For shooting, he uses an Olympus OM-D E-M1. “I enjoy the small, compact size as it is much more conducive to carrying a camera than the large cameras that are the mainstay of the DSLR market.”


For printing, Dickman reproduces his work on digital, fine art wide format printers at up to 30x40 inches. He uses a Hewlett-Packard (HP) Designjet Z3200.


The move to wide format enabled Dickman to gang print images for workshops, which is helpful as the printing process usually comes right down to the deadline. He explains that typically, much of the FirstLight students’ best work is produced towards the end of the workshop week, which puts a strain on IT. At the end of each workshop, the best five images from each student are printed at 20x24 inches.


“The wide format allows us to print multiple images in one take and we find that there is absolutely no degradation of quality because of this. It constantly amazes me to watch the printhead fly back and forth over the surface of the paper, and to see the perfect quality of the final image,” he adds.


In addition to the logistics, high-end prints are a priority. “I’ve worked with other printer brands before, but when I saw the quality of the images come out of the HP Designjet Z series printers, as well as the ease with which we could print a large body of images, my allegiance to HP was solidified,” says Dickman.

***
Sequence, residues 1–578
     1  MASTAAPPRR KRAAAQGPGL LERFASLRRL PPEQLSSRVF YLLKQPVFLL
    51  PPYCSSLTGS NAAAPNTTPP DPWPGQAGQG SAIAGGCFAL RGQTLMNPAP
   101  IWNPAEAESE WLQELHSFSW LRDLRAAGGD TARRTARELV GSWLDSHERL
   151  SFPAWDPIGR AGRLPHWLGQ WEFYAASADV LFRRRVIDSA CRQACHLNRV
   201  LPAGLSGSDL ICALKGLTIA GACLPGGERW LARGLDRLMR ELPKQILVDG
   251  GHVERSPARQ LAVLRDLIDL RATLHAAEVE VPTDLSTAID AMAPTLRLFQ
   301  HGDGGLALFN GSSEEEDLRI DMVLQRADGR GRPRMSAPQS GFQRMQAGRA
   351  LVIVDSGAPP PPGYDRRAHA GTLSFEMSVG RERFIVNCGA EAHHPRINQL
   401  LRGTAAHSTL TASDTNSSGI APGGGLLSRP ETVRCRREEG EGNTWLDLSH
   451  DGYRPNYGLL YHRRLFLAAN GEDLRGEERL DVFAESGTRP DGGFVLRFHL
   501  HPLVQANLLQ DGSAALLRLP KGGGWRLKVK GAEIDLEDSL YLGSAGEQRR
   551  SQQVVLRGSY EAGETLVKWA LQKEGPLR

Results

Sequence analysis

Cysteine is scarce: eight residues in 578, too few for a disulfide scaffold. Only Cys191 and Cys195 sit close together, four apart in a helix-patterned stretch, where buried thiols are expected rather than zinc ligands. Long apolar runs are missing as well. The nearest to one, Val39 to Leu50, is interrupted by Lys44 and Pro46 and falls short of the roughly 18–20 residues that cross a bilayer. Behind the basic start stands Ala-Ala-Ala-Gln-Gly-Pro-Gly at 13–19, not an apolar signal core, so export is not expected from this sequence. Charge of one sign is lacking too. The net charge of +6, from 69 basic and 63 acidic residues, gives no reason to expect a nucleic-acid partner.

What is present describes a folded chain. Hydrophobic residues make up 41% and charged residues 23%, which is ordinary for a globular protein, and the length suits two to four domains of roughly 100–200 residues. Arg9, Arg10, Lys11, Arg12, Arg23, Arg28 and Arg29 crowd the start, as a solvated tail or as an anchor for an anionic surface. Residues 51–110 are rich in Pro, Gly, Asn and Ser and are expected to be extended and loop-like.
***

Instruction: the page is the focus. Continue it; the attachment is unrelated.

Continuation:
For the workshops, Dickman relies solely on one paper style, HP Professional Satin Photo Paper. Students photograph local communities and the people within—the fabric of the community. Student content varies and work ranges from documentary-style reportage landscapes to portraits. “We also convert some images to B&W and I’ve found the satin paper provides a surface and look that works across this wide spectrum of content,” he says.


In early workshops, different paper surfaces were tested, but they provided an uneven look for the final show. “The satin paper works beautifully for environmental portraits, landscape, whatever the content or palette, it really shines,” he adds.


Depending on the year, output volume varies. “We’ve hosted as many as three workshops in a year, and with 17 students per workshop, that is a lot of large prints. I also output large prints for sales,” he explains.


While on-site fine art printing capabilities are beneficial, having control of output also brings its own set of challenges, admits Dickman. For instance, perfect calibration is a necessity, so all student work needs to funnel to one computer to ensure consistency requirements for final workshop presentations are upheld.